The big deal about small talk


Have you ever lingered in your car or played games on your cell phone or stared intently at a tray of appetizers for the specific purpose of avoiding small talk at a party? I have. I think we all fear the awkward silence that sometimes comes with making small talk with a stranger. Whether you're at a wedding, work event, or holiday shindig, the pressure to be a sparkling conversationalist can leave even the most confident of us cowering.

Every year, my husband gets invited to a holiday work party. And every year I dread going. After twelve years of attending these kinds of functions, you'd think I've gotten better at managing the anxiety I experience before going. But I haven't. I live in terror of getting stuck next to some conversational genius and not having anything interesting to contribute. Small talk makes me nervous and turns me into a sweaty, babbling idiot. My mind races with crash-and-burn scenarios. What if I become tongue-tied and awkward, and the person I'm attempting to speak with thinks I'm boring? What if I can't find anything worthwhile to contribute and our conversation dissolves into a tediously painful exercise marked by comments on the weather? I would rather wander around the room faking interest in potted plants than suffer through this.

Small talk is often seen as meaningless conversation motivated by social politeness. You do it because that’s the proper thing and you have no choice. If you're extroverted, you can probably be planted in any social situation and get the small talk started without too much pain. If you're introverted, however, holiday parties and other events with strangers will make you cringe.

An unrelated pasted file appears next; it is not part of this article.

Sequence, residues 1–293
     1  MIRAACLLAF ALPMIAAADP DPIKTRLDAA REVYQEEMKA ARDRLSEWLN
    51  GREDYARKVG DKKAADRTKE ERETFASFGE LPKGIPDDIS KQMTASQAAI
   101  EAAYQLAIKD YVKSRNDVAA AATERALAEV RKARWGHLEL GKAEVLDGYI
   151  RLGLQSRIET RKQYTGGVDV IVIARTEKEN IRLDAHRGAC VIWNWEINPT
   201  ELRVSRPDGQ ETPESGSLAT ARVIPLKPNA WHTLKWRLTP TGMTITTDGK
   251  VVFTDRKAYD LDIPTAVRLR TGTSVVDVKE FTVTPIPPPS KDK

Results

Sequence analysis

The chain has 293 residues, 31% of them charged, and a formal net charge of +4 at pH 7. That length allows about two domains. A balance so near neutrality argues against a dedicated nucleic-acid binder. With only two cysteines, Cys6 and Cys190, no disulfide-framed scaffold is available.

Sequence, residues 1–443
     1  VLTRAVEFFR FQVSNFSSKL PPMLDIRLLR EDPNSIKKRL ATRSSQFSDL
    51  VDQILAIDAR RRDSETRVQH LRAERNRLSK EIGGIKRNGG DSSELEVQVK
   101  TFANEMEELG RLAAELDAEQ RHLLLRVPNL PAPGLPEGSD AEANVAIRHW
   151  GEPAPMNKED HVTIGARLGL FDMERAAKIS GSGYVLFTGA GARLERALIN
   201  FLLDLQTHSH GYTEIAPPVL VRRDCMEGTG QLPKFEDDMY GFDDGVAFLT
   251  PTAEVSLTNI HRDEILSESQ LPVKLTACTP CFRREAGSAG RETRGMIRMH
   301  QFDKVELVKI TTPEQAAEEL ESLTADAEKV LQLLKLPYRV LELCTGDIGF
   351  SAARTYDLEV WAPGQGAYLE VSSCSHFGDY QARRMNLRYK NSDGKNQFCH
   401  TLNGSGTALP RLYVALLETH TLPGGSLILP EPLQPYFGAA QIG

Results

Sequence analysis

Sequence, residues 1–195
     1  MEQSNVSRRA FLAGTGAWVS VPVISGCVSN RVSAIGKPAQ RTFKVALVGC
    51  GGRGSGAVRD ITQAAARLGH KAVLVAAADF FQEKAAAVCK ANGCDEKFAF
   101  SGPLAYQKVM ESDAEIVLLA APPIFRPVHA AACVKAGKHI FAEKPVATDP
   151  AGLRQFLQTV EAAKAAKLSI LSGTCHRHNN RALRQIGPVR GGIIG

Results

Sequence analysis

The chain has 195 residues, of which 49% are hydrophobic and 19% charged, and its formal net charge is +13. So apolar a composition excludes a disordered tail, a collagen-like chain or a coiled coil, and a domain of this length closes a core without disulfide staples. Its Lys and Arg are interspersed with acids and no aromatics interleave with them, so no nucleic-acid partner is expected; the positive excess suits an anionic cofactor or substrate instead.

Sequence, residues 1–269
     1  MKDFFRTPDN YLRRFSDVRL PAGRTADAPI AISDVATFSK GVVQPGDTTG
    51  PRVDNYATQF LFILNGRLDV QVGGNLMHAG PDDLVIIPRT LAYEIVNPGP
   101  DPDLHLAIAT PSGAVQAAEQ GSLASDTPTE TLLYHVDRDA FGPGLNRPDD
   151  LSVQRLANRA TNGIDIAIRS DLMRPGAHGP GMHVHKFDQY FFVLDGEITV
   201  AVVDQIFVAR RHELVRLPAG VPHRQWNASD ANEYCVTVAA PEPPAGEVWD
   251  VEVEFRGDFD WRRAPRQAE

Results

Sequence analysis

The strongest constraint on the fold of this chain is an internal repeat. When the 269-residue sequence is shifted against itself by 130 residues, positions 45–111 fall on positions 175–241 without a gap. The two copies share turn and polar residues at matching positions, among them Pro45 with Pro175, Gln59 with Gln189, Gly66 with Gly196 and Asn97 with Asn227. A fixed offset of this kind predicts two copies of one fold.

Thankfully, I've come up with a number of strategies to help make small talk more palatable. While these won't completely remove the terror from the situation, they'll help make you feel a bit more comfortable should you find yourself facing an unavoidable conversation with a stranger.

  • Ask questions: People, for the most part, love to talk about themselves. Asking someone questions allows you to steer the conversation towards whatever direction you're comfortable with. It also allows you to avoid certain dicey topics that are likely to cause awkward moments. Asking someone where they're from, places they've traveled, plans for the weekend, favorite stores, or hobbies will put you both at ease and could lead to some interesting stores.
  • Bring up something you'd like to talk about: Have you been curious about that latest Anne Hathaway movie? Wondering what someone else is reading? What's your guilty pleasure TV show? A conversation about something fun and interesting can often turn into something more.
  • Be a good listener: Nod and use other nonverbal listening cues to indicate to the other person that you're actively engaged in the conversation. A little encouragement goes a long way.
  • Avoid potentially volatile topics: Politics, religion, money, personal details - just don't go there. You also might want to avoid trite discussion about the weather and the spelling of someone's name (I get this a lot.)